To help hold the drum up while I was fitting the front panel. I supported the drum with a piece of 2 in tape run from the top/front edge of the drum to the back panel of the unit. I removed my two rolls of tape from under the unit, slipped the front panel back onto the two bottom clips, and then worked the front open of the drum over the front seal by opening the door and pushing from the inside and rotating the drum. I replugged the door switch and made sure the wire clips were secure.

I then replaced the 2 screws to hold the front panel. I put the top back down and resecured the screws on the back before reattaching the hose and replugging the unit. I test ran the unit for several minutes empty, listening for weird noises that would indicate something didn't go together correctly.

Door latch (female part) was broken.

  • Customer: JEANMARIE from BELLEROSE, NY
  • Difficulty: Really Easy
  • Time to Complete: Less than 15 mins
  • Tools Required: Screw drivers
  • 7 of 7 people found this instruction helpful
I used a screwdriver to remove the old part and pushed the new part in with my fingers, it was very easy. If I could do it, anyone can. I was a lot cheaper then having a repair man come to house. I am very glad I found your site online, I will definitely be using your company again.

Broken Door Handle on Front of Dryer

  • Customer: Jeff from Wausau, WI
  • Difficulty: Really Easy
  • Time to Complete: Less than 15 mins
  • Tools Required:
  • 10 of 16 people found this instruction helpful
Do to age and heat the dryer door handle was brittle and broke. Ordering was easy on line. Part was delivered faster tan expected. Oh and the repair time, Less than 1-minute.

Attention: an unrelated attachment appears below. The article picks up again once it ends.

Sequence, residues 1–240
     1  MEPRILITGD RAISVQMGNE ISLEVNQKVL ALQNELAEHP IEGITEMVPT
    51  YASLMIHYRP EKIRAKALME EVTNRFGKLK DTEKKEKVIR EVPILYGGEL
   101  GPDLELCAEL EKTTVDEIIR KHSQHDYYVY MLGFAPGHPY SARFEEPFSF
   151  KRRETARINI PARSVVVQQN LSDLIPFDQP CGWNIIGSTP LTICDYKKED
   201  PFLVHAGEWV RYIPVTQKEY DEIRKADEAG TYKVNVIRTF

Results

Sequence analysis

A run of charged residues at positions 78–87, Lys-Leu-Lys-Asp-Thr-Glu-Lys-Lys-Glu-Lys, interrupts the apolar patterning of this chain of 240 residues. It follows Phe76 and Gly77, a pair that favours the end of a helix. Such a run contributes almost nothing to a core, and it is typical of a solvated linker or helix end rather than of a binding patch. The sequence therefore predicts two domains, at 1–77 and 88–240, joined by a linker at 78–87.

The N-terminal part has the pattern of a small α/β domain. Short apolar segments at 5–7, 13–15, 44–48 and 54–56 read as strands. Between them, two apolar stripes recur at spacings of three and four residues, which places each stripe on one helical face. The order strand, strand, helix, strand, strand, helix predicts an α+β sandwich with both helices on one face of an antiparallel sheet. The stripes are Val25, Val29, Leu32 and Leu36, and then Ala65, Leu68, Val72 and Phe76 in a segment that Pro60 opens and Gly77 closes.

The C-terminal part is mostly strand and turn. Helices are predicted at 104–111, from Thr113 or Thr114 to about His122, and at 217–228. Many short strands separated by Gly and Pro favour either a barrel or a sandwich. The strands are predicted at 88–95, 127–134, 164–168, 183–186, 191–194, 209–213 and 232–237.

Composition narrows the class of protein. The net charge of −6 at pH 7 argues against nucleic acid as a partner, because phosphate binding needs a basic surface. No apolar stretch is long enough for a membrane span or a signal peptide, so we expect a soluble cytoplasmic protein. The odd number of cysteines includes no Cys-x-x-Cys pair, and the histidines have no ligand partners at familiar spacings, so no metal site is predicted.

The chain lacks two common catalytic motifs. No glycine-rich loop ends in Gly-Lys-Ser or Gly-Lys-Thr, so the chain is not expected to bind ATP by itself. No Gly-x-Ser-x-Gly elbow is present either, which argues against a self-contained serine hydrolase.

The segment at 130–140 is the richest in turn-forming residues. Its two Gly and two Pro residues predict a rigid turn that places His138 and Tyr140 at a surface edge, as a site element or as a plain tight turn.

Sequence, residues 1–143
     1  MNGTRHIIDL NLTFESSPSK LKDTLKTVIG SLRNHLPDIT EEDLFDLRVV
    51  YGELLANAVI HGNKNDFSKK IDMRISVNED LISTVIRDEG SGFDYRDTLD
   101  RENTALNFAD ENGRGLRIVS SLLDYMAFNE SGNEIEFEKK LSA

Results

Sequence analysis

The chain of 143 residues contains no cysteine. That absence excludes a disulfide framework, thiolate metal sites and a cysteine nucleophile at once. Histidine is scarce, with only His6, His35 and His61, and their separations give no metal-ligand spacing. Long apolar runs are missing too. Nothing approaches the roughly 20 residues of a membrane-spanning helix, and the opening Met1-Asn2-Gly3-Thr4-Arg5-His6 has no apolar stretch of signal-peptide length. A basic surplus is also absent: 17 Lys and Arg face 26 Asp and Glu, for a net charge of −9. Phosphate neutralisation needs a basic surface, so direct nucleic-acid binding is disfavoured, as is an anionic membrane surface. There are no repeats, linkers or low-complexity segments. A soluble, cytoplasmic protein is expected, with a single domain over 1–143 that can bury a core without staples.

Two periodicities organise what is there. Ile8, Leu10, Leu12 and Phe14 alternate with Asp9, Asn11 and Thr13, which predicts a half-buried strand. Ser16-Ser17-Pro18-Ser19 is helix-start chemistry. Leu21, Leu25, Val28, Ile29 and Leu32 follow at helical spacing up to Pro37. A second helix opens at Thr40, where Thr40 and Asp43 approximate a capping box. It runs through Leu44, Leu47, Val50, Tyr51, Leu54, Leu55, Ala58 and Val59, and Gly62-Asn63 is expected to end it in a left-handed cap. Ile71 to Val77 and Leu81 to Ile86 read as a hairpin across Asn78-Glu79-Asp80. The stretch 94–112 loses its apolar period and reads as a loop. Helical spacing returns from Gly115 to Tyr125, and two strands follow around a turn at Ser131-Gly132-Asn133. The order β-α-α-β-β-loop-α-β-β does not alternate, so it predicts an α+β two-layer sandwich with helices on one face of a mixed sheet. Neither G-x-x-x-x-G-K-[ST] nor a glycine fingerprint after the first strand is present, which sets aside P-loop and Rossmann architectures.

Thanks for the great service.

Humming noise then quit after pushing start. Drum would not turn manually.

  • Customer: Derek from Missouri City, TX
  • Difficulty: A Bit Difficult
  • Time to Complete: More than 2 hours
  • Tools Required: Pliers, Socket set, Wrench (Adjustable), Wrench set
  • 7 of 7 people found this instruction helpful
Looking at the schematics, it wasn't clear exactly where the motor was located. I took off the rear panel thinking I could get to the motor through the blower. Realizing that was a no-go, I did some web searching and found that the lint screen chute had to be unscrewed, the top had to be lifted to gain access to the top 2 screws holding the front panel to to the main body. The barrel was then dropped and the rib belt removed from around it so I could set it aside. The clips were removed from the front and the back of the motor to gain access to the blower shaft. .The motor shaft is screwed into the blower shaft but it took me a while to figure out how to grab the blower shaft( made of hardened plastic?) with an adjustable wrench while torquing the end of the shaft with a (3/4"?) socket wrench. Access to the rear was rough, but getting the motor out an back in was easy. The spring tensioner for the belt was the next hurdle. With the s-curve facing outward and clipped to the base, the belt with the rib side wrapped around the barrel, the belt was slid between the roller and the tensioner bracket and wrapped around the motor drive rib side inward. I had to take the old motor to kind of prop up the barrel so I could at least see the tensioner and motor interface. I had to do a balance trick where I held the barrel up while centering it to the belt and the rear panel while ensuring the cloth seal was seated to the outside of the chamber. The front panel went on, and the front cloth seal was seated by spinning the barrel. The rest was just a matter of reversing the steps. Tons of lint/dust is probably what crashed this motor. Disassembling the front and the back allowed a thorough clean up - vacuuming and wipe down. Should go another 10 years/
All Instructions for the 11086980100
61-75 of 1,240